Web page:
MAPLEWOOD / MILLBURN, NJ — On Tuesday, May 29, Essex County and the South Mountain Conservancy unveiled four new outdoor sculptures in the Wildflower Sculpture Park in South Mountain Reservation. Inaugurated in 2012, the Wildflower Sculpture Park is a collaborative initiative by the Essex County Department of Parks, Recreation and Cultural Affairs and the South Mountain Conservancy to introduce art into the landscape of the reservation.
“Essex County South Mountain Reservation is a beautiful destination with spectacular skyline views, stunning vistas and gorgeous natural backdrops. The inspirational and thought-provoking nature of the artwork, combined with the environment and natural setting, will offer breathtaking and dramatic scenes for park visitors to enjoy,” Essex County Executive Joseph DiVincenzo Jr. said. “We are pleased to be partnering with the South Mountain Conservancy to raise awareness about our reservation and to expand the art park. The art installations on display here will provide visitors with a new reason to enjoy our open space resources and help unite the disciplines of art and nature.”
An open call for artists to submit ideas was conducted and four artists were selected.
Lisa Sanders, from Newark, created two cast bronze sculptures that represent trees, insects and human skeletons. Their placement in the reservation will lead viewers to contrast the sculptures with the trees and plants. This will lead to the viewer appreciating the natural setting. Sanders’ artwork has been on display in the Gateway Projects First Floor Gallery and Aljira Gallery in Newark, Greenwood Gardens in Short Hills, as well as in galleries in New York and elsewhere in New Jersey. She recently received a fellowship in sculpture from the N.J. State Council on the Arts, a sculpture in residence at the New York Studio School and a fellowship residency at the Vermont Studio Center.
Alissa Negila grew up in West Caldwell and resides in Jersey City. She created “Reverberation,” which is designed with concentric circles to mimic ripples in water when a raindrop hits the surface. When the sun hits “Reverberation,” it will cast lacy shadows that will show the effect of the shifting sun. The public is invited to sit on the sculpture and take in the serenity of the wooded setting. Negila has been creating sculpture for public and private spaces for more than 28 years. Her work has been shown at Socrates Sculpture Park in Long Island City, Long Island University and Pratt Institute in Brooklyn, Navy Pier in Chicago, the Berkshire Botanical Garden and The Meguro Museum in Japan.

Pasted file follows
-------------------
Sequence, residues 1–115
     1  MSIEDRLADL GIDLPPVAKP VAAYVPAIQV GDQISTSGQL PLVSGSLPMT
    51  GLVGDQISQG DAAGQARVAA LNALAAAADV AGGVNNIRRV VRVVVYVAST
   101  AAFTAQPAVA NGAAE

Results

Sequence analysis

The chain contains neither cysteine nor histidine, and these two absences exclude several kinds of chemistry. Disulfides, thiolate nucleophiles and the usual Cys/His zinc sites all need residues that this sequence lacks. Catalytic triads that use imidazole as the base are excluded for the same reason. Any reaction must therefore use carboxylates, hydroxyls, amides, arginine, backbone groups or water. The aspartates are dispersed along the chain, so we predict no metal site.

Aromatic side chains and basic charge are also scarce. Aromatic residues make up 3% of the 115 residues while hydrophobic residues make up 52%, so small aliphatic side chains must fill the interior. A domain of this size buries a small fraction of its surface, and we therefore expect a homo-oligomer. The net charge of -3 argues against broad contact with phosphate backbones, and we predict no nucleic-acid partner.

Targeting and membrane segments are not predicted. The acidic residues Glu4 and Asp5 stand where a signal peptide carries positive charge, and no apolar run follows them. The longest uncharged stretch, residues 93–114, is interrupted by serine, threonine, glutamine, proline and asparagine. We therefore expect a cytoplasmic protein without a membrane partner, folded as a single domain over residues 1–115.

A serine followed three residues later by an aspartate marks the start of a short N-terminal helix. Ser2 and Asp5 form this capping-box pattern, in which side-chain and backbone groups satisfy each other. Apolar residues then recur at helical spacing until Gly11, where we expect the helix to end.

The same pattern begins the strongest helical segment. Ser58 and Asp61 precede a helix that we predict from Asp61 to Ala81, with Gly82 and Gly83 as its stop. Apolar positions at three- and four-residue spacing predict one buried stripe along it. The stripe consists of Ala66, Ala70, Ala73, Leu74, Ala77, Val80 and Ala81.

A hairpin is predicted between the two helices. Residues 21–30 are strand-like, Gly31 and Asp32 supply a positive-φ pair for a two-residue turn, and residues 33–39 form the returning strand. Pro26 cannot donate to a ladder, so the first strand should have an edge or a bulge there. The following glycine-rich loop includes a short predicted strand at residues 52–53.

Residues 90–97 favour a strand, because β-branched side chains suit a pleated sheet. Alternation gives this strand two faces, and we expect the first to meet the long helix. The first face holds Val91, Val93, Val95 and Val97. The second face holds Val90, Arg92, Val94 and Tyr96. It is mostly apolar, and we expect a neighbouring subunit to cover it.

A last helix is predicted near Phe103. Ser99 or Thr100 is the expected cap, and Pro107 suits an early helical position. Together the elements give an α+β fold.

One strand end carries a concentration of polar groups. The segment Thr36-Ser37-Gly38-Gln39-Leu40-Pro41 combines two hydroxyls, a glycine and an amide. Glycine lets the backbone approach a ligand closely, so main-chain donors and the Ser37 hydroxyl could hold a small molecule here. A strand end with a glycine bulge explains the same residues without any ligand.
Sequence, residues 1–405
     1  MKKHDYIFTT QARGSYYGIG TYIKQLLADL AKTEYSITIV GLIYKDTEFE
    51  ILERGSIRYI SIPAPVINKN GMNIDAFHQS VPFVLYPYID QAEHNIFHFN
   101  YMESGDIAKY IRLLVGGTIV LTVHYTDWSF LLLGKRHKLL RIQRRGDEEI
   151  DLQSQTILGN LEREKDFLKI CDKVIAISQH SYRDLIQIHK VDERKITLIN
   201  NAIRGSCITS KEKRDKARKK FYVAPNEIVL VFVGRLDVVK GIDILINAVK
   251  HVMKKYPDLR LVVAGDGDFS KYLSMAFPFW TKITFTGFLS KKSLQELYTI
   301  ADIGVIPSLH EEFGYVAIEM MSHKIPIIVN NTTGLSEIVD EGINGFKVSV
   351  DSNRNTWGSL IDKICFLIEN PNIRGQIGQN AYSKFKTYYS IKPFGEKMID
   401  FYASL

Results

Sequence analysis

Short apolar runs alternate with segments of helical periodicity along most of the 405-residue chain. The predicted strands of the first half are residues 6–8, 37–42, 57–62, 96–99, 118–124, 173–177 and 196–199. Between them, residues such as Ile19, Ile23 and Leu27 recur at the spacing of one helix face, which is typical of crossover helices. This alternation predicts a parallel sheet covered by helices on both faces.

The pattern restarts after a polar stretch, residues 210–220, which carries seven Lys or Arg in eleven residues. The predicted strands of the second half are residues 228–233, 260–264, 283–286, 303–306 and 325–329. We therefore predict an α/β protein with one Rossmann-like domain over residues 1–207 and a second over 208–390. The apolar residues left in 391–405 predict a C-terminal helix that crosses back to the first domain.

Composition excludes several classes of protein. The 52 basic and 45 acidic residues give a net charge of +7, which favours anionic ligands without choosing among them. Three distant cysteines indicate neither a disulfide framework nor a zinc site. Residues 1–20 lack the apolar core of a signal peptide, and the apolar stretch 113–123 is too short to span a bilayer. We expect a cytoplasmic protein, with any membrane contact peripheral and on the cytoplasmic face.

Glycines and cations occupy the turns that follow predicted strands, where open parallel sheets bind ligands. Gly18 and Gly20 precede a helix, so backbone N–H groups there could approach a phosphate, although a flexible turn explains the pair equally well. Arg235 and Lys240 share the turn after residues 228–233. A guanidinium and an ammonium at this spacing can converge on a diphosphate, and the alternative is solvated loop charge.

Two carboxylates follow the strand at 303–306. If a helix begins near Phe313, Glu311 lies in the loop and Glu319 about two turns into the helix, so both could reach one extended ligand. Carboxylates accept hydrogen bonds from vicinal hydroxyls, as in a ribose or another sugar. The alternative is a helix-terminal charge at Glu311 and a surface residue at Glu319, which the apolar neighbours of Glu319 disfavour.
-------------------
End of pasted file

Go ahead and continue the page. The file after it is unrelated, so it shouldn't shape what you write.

Asha Ganpat, from Montclair, created “Soothsayer,” which is a series of 30 to 40 wind chimes hanging from a tree. The wind chimes transform the tree into a special place where visitors can contemplate the cycles of life. Perhaps a visitor will look for a sign and receive an answer through the sound of the chimes. Ganpat has had her work on display in Newark, Montclair, Chester, New York, Jersey City and other places. She has been an artist in residence at Rutgers University, the New Jersey Center for the Visual Arts in Summit and City Without Walls in Newark.
Greg Leshe, from South Orange, created “Wind-Pile.” This installation consists of 20 orange windsocks placed on a mound of fertile dirt that is roughly 10 feet tall by 20 feet wide. “Wind-Pile” explores the evolving concern about natural and cultural systems, and raises consciousness about air, wind and atmosphere. Solo exhibitions by Leshe include “Personal Gravity” at the Jersey City Museum and “Personal Radar” at Exhibit A Gallery in New York. His honors include “Distinguished Artist” and “Highest Merit” awards from the New Jersey State Council on the Arts for photography and an Individual Artist Fellowship Award in Interdisciplinary Performance. Leshe was an artist in residence at the Newark Museum’s Arts Workshop Program and was featured in a group exhibition titled “20 Years In” at the International Center of Photography.